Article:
Several Covid restrictions will continue over the summer, Dean of Students Liz Agosto told The Student. Notable restrictions include the continuation of a mask mandate while inside, a curfew and mandatory on-campus testing. Agosto relayed that fall guidelines will be officially determined closer to the start of the semester. The college’s restrictions contrast sharply with the guidance issued by the Centers for Disease Control and Prevention, as well as nearby colleges like Williams.
Following Commencement on May 30, the following changes will made to Covid-19 restrictions on campus:
- Masks will only be required indoors and when it is not possible to maintain a six-foot physical distance.
- On-campus students will be able to leave campus without approval between the hours of 7 a.m. and 8 p.m. EST.
- Students participating in on-campus programs but living off-campus will be able to visit campus during the hours of 7 a.m. and 8 p.m. EST. These students will have access to academic and administrative buildings, but not to residence halls.
- On-campus testing will be twice a week at most.
- Students will be able to order contactless delivery on their own.
“This summer we will begin to transition to the conditions we hope will be in place for the fall semester.” Agosto said. “We are not making these changes prior to Commencement in order to minimize risks that could negatively affect our in-person ceremony for seniors and their guests.”
Some Covid restrictions will, however, remain in place for the summer and fall. Students seeking to depart campus for an extended period of time or overnight will still need to seek approval so that appropriate quarantine protocols can be practiced.
“The decision to allow on-campus students to leave campus and off-campus students participating in approved campus programs to travel to campus between 7 a.m. and 8 p.m. allows students to be able to move on and off campus for personal needs, to grab a meal and even to take a short trip for recreation without needing approval,” Agosto stated.
The college has downgraded its Covid-19 safety protocols largely because it mandated that all returning students be vaccinated. However, in the words of Agosto, the college is “continuing to remain vigilant” because it expects that not all students will have fulfilled the requirement upon returning in the fall.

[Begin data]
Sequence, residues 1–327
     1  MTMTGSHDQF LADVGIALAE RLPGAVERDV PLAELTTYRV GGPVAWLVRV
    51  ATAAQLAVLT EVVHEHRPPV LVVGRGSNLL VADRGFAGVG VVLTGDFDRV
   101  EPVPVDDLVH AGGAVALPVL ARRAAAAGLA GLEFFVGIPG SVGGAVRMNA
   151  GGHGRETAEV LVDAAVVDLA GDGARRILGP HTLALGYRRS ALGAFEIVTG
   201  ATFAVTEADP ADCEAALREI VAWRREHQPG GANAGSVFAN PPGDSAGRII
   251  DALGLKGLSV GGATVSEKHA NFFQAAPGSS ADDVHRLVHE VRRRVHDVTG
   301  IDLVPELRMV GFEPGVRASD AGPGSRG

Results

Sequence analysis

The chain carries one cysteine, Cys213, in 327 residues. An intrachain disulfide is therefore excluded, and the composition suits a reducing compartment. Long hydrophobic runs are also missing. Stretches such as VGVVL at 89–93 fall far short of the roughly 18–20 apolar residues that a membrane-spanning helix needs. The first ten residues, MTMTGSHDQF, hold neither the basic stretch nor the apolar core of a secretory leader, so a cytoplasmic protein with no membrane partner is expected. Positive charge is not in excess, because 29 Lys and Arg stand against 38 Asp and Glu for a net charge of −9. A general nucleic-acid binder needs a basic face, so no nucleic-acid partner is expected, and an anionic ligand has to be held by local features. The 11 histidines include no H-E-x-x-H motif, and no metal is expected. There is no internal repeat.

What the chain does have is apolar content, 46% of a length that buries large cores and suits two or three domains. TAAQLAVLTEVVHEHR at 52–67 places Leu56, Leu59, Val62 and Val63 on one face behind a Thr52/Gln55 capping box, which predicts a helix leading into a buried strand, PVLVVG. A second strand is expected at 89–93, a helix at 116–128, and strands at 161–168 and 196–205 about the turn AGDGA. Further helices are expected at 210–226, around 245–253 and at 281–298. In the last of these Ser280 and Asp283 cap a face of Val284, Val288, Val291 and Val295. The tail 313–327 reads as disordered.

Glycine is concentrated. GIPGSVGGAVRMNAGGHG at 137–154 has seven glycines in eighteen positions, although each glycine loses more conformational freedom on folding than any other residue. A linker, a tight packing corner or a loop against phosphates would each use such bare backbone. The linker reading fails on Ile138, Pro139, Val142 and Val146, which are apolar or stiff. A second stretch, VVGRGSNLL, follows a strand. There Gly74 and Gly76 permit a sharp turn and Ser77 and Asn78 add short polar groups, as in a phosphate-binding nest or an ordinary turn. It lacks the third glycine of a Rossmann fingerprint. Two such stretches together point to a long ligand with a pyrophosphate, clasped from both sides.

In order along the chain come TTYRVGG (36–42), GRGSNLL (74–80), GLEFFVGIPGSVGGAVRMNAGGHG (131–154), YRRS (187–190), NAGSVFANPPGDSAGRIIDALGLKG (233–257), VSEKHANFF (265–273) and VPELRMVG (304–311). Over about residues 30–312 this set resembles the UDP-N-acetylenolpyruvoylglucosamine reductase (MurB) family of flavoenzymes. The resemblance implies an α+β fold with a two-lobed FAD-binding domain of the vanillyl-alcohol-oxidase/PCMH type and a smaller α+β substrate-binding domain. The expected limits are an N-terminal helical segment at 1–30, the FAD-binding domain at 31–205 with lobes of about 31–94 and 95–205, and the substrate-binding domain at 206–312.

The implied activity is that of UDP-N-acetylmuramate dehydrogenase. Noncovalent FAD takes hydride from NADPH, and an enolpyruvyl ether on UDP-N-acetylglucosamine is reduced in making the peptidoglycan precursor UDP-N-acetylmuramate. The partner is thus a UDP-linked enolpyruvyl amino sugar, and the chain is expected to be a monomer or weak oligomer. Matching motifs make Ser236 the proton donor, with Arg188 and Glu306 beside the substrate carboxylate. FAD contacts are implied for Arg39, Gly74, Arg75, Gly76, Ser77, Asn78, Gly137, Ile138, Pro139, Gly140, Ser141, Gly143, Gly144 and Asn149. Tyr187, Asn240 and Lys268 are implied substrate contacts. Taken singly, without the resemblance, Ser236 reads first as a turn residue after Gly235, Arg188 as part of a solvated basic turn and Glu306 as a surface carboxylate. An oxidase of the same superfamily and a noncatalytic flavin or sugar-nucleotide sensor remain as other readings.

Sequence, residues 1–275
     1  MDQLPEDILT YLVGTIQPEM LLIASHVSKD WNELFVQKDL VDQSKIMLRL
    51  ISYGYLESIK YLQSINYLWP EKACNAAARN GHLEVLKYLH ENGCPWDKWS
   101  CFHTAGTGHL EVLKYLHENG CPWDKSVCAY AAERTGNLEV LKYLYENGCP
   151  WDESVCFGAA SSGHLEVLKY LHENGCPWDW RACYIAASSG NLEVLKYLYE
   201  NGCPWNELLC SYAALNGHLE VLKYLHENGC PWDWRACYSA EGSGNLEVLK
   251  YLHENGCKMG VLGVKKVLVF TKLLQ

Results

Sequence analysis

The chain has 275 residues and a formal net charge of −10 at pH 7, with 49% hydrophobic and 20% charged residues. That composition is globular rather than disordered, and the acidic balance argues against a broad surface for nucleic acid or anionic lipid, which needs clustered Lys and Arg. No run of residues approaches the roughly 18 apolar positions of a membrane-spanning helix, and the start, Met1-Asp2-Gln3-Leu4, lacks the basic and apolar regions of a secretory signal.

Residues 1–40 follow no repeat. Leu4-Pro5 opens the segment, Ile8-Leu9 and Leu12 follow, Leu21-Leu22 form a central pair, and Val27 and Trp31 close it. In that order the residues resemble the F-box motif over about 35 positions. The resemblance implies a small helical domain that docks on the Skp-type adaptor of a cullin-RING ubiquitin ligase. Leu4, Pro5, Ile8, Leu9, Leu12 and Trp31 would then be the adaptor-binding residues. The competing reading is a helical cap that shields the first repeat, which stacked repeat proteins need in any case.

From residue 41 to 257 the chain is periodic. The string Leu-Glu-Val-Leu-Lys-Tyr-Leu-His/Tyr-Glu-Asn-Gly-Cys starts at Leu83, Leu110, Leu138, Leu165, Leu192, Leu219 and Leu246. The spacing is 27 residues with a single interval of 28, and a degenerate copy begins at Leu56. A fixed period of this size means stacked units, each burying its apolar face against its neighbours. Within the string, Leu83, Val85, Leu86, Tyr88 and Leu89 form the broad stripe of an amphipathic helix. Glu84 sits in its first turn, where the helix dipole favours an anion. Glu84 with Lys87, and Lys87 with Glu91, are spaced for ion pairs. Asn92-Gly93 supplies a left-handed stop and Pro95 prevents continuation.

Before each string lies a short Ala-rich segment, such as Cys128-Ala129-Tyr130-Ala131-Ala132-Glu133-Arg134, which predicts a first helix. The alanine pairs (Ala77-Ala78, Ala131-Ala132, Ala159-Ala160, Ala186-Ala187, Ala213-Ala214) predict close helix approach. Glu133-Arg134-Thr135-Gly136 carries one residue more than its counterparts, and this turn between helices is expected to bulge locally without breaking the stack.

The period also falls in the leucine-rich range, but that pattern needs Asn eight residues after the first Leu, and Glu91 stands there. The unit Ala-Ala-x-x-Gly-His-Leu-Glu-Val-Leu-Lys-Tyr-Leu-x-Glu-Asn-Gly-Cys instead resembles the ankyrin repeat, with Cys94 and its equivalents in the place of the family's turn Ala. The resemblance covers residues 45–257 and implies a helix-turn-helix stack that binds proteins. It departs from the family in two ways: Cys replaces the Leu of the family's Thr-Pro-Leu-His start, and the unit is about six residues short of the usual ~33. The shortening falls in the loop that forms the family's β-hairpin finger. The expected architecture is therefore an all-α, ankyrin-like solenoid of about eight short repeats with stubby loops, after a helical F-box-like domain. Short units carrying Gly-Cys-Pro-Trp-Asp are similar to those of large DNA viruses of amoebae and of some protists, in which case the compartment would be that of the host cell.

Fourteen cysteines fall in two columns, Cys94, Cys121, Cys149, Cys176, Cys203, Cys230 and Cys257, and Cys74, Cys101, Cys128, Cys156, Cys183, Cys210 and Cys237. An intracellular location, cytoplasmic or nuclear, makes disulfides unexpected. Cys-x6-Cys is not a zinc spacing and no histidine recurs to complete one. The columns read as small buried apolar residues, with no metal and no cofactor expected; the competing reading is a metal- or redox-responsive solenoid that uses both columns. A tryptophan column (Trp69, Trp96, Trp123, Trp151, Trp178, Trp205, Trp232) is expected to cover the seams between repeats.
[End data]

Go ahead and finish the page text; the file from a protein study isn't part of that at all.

Just an hour away at Williams College, all students, faculty and staff may be outside without masks, Williams College President Maud Mandel announced on May 18. Beginning on May 29, fully vaccinated individuals will not be required to wear masks or socially distance indoors. Williams will also allow graduating seniors to invite up to six individuals to graduation, the traditional number of invitees allowed. Faculty and staff will also be allowed to attend the ceremonies.
The Williams announcement follows Governor Charlie Baker’s plan to end all remaining Covid restrictions, with a few exceptions involving health care settings and public transit, on May 29. Nearly 75 percent of the population of Massachusetts has received at least one dose.
Amherst’s updates regarding the off-campus travel window were first posted to the housing portal in the early morning of May 14. Ella Steciuk ’23 and Caitlin Wizda ’22 are two students who noticed the update. They will both be on campus in the summer and fall.
Steciuk is excited by the prospect of being able to leave campus once again. Going into the town of Amherst is one thing that she missed most this year. Nevertheless, Steciuk is dissatisfied by the summer announcement that Moore will be a dorm offered for student housing. Specifically, Steciuk wishes that all summer residents could be housed in air conditioned dorms like the Greenways.
“I currently live in Moore — meaning I am staying in my current room. My CDC [Community Development Coordinator] had told me before that announcement that she thought all summer students would be moved to the Greenways because they have air conditioning and I think the Greenways are much nicer,” Steciuk expressed.
Wizda is also glad that restrictions are loosening and that students will be allowed to go off campus. She said, “Being stuck on campus has definitely felt a bit isolating. I’m really looking forward to the chance to go into town, Northampton and other places.”
Wizda is concerned about the restrictive nature of the hours, however. Specifically she worries that the 8 p.m. limit is too early. “I think that letting us be off campus a little earlier in the day to a bit later at night is a totally reasonable ask and Amherst should definitely think about extending these hours.”